Candes Saint-Martin, my favourite spot in La Touraine.

Monday, 2 November 2015

A botany quiz ...

They are everywhere … almost as omnipresent as the olive trees. And like the olive trees, they are protected: the cypresses of Corfu. On our day out, a few kilometres south of the capital Kerkyra we enjoyed this beautiful scenery.

Click twice to enlarge and see the details.

Still the perfect tour guide, Dimitris stopped by the side of the road giving us ample time – and some useful photo tips – to shoot this view. He explained that the trees were protected and that there were penalties for anyone cutting them down. Having said this, he stepped out of the car and went to examine a small specimen (about 1.5 metres tall) that was growing by the side of the road. He examined it very closely, inspecting the trunk, by lifting up the tree’s lower branches, as if he was peeping under its skirt!

“This one is just right. It’ll make a perfect Christmas tree.” He said with a satisfied smile on his face. “I’ll mark this position on my map and come back in December to get it.” I was flabbergasted. Hadn’t he just said that it was forbidden by law to cut the cypresses? When I expressed my astonishment, he shrugged and laughed. “Everybody does it. And it’s only a tiny little thing. Nobody will notice …”

Before I could say more, he quickly changed the subject. “By the way, do you know why some cypresses are fat and others are slim?”

A fat and a skinny cypress tree, side by side, in the hotel gardens.

None of us knew the answer at the time. We do now. Do you?

Monday, 26 October 2015

A seven minutes’ stop light

On May 28th, the day of my arrival on Corfu Island, I met up with the tour operator’s representative, a young man called Jonas.

We had a nice chat which lasted about half an hour before him sending me off with a warm handshake and heading over to his next clients, a French speaking couple that had arrived on the same flight.

During our conversation he mentioned that there were stop lights on the island that remained red 7 up to 12 minutes. That seemed like an awful long time. And the next day I was about to find out how long that really is.

On our way into the mountains we were stopped twice … by a stop light that seemed to be stuck on red. Luckily there was a digital clock showing drivers how much time was left before the light would jump to green.

 Not a good photo (through the windscreen of the car)
showing one of the stubborn red lights.

On both occasions, Dimitris, cool as cucumber, shut down the car’s engine, pulled up the hand brake, sat back and started humming the tune of the bouzouki music that was coming from the car’s DVD player. ‘Relax and enjoy the view’ he said. ‘The road ahead is too narrow for vehicles simultaneously driving in opposite directions. So we wait …’ After five minutes or so a convoy including several huge tourist buses came creeping towards us. Two minutes after the last car had passed, the timer on the digital screen sprang to 00:00 and the light turned to green.

Part of the narrow mountain road.

Now it was our turn to creep up the mountain road towards the village of Lakones and the bakery where we were to have lunch … By the time we reached the top, a queue of cars and coaches had lined up at the stop light on the opposite side of the road … waiting for the green light to appear. Wonder what would happen if the Brussels’ traffic lights were programmed that way … Chaos, a lot of swearing and honking horns would be my best guess … What do you think?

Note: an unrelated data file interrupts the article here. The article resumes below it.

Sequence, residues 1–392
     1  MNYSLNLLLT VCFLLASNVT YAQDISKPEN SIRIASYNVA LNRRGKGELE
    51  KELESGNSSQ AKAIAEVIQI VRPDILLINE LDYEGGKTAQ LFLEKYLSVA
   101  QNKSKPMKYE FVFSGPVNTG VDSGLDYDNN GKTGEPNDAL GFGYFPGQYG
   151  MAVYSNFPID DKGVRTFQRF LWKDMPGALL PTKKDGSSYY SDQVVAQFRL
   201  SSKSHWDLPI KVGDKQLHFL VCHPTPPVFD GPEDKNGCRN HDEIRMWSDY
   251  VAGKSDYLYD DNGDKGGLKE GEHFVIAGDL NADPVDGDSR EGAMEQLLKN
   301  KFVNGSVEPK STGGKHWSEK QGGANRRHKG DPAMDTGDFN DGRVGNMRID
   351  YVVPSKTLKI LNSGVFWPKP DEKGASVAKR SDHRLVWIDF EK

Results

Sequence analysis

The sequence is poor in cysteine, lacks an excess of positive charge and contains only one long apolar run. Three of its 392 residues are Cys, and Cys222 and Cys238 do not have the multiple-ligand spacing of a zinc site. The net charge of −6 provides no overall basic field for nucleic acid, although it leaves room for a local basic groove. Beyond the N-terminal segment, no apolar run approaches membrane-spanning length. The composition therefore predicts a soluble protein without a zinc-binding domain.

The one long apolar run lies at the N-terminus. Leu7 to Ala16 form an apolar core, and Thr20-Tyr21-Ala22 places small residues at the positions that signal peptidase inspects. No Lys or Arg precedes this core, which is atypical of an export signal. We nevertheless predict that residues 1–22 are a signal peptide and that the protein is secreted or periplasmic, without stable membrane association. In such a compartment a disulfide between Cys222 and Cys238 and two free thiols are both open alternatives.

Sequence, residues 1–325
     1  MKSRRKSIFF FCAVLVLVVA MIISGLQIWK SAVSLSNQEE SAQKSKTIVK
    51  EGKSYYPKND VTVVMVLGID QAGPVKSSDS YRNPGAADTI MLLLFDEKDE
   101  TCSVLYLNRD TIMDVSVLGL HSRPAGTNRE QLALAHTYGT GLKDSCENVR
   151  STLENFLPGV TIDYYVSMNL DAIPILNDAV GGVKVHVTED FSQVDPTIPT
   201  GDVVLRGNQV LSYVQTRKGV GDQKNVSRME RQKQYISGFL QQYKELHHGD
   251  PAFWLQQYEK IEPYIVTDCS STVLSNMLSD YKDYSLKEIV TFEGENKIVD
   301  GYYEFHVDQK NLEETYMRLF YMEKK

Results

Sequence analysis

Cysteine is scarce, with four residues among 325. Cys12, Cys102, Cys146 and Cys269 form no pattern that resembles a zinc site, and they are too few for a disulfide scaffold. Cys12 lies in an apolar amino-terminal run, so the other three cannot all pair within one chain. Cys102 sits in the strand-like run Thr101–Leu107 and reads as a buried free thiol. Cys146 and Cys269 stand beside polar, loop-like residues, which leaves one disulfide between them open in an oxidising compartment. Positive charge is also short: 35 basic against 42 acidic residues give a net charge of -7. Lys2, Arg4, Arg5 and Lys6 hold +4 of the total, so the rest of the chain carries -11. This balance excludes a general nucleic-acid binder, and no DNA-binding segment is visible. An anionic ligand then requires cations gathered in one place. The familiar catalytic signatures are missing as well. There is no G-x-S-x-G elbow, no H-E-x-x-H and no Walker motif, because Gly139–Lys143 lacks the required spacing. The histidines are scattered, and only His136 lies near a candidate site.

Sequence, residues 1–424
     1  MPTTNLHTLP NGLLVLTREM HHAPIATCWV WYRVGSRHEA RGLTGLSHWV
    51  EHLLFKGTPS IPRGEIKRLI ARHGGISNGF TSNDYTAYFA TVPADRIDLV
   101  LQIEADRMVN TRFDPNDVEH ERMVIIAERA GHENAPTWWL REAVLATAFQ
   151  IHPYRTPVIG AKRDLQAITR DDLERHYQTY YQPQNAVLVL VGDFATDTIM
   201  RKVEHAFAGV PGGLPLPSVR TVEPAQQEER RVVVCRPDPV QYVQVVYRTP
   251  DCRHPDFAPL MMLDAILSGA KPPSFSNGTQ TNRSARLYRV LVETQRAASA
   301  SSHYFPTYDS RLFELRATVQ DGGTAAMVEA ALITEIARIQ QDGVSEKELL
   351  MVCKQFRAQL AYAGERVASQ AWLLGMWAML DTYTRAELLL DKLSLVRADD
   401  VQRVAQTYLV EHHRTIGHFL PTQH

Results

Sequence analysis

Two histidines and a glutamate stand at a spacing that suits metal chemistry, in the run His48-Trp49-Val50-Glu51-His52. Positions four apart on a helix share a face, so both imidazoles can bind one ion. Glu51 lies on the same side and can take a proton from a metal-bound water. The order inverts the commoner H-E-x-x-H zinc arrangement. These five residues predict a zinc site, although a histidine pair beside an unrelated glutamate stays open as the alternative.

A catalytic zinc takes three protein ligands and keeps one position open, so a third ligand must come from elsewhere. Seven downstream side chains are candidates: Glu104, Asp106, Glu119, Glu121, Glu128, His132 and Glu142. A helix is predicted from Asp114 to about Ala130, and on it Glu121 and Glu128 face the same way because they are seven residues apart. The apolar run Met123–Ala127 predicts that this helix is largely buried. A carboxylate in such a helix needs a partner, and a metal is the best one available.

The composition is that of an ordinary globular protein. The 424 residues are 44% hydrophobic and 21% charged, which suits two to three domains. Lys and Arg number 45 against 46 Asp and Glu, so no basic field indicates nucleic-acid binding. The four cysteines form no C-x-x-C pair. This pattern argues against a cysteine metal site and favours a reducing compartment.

Friday, 23 October 2015

A farmers’ lunch

All through our day out with Dimitris I tried to follow our itinerary on the map he had given us in the morning. Although I consider myself as a fairly good map reader, thanks to my friend C., the winding roads on Corfu Island and the unfamiliar road signs somehow confused me. However, looking at the map today I can more or less work out our route.

We started out towards the west, drove up into the mountains and stopped to admire some spectacular views: an old fortress stooped on a rock facing the sea, a turquoise sandy bay, …

However, before we knew it, it was noon and time to have lunch. Dimitris never asked us where or what we wanted to eat. We weren’t especially hungry given the sumptuous ‘all you can eat’ breakfast buffet at the hotel. Yet, we could do with a little something, some snack … and this is where Dimitris’ knowledge of the island was more than welcome. As I mentioned, he never asked us what we wanted to eat but took as straight to a road-side mini-market/bakery for a typical farmer’s lunch. Nothing fancy, nothing grand but straight forward healthy food.

The tavern (if that’s the name for it) was located in the back room of a small bakery. The place smelled of freshly baked bread and something ‘tangy’, which soon turned out to be home-made lemonade. We didn’t have to do anything; just walk onto the balcony to admire the view and shoot photos of the dreamlike bay down below and enjoy the moment. 

The haze you see in this photo lasted all through my short stay on the island.

By the time we got back inside – the place had a nice outside seating area, but the northerly wind from the Albanian mountains was too cold to enjoy a meal al fresco – our lunch was served. A large plate with a fresh lump of feta cheese, covered in local olive oil and oregano, black olives and, with on the side, a basket of home-made bread and for each of us a large glass of chilled home-made lemonade.

The lunch was not included in the tour (as we knew beforehand). However, there was no reason to fuss, because we each payed 3 euros, for a thoroughly enjoyable and fresh meal in unique settings. 

Back on the road – while waiting for one of Corfu’s notorious stop lights (more about that later) to turn green- Dimitris explained that our lunch has been an olive grower’s staple food for as long as there have been olive groves on Corfu.